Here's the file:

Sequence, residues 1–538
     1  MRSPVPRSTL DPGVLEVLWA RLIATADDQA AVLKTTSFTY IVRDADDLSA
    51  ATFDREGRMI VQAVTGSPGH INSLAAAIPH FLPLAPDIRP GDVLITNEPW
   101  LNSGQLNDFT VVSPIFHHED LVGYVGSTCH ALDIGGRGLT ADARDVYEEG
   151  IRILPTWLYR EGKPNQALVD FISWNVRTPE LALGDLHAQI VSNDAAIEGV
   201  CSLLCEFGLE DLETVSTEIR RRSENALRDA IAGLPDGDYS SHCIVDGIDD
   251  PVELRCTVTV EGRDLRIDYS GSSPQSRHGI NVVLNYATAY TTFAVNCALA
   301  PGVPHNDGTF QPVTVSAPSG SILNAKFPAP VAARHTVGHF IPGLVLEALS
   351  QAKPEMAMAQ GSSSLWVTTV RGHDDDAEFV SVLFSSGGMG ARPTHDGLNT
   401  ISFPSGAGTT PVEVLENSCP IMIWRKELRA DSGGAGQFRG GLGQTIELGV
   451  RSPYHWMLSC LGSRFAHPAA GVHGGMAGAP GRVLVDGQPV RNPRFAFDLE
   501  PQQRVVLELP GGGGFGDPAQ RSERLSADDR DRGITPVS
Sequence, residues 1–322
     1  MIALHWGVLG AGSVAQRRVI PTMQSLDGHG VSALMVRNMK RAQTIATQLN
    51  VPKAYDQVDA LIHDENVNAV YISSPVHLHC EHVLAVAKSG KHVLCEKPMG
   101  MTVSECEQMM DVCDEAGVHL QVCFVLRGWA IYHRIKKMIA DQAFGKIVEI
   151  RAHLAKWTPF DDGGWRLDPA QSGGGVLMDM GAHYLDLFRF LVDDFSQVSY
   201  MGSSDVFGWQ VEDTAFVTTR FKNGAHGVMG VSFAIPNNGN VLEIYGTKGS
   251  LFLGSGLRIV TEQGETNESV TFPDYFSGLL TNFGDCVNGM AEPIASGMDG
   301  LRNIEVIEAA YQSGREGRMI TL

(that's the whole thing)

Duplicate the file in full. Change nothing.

Sequence, residues 1–538
     1  MRSPVPRSTL DPGVLEVLWA RLIATADDQA AVLKTTSFTY IVRDADDLSA
    51  ATFDREGRMI VQAVTGSPGH INSLAAAIPH FLPLAPDIRP GDVLITNEPW
   101  LNSGQLNDFT VVSPIFHHED LVGYVGSTCH ALDIGGRGLT ADARDVYEEG
   151  IRILPTWLYR EGKPNQALVD FISWNVRTPE LALGDLHAQI VSNDAAIEGV
   201  CSLLCEFGLE DLETVSTEIR RRSENALRDA IAGLPDGDYS SHCIVDGIDD
   251  PVELRCTVTV EGRDLRIDYS GSSPQSRHGI NVVLNYATAY TTFAVNCALA
   301  PGVPHNDGTF QPVTVSAPSG SILNAKFPAP VAARHTVGHF IPGLVLEALS
   351  QAKPEMAMAQ GSSSLWVTTV RGHDDDAEFV SVLFSSGGMG ARPTHDGLNT
   401  ISFPSGAGTT PVEVLENSCP IMIWRKELRA DSGGAGQFRG GLGQTIELGV
   451  RSPYHWMLSC LGSRFAHPAA GVHGGMAGAP GRVLVDGQPV RNPRFAFDLE
   501  PQQRVVLELP GGGGFGDPAQ RSERLSADDR DRGITPVS
Sequence, residues 1–322
     1  MIALHWGVLG AGSVAQRRVI PTMQSLDGHG VSALMVRNMK RAQTIATQLN
    51  VPKAYDQVDA LIHDENVNAV YISSPVHLHC EHVLAVAKSG KHVLCEKPMG
   101  MTVSECEQMM DVCDEAGVHL QVCFVLRGWA IYHRIKKMIA DQAFGKIVEI
   151  RAHLAKWTPF DDGGWRLDPA QSGGGVLMDM GAHYLDLFRF LVDDFSQVSY
   201  MGSSDVFGWQ VEDTAFVTTR FKNGAHGVMG VSFAIPNNGN VLEIYGTKGS
   251  LFLGSGLRIV TEQGETNESV TFPDYFSGLL TNFGDCVNGM AEPIASGMDG
   301  LRNIEVIEAA YQSGREGRMI TL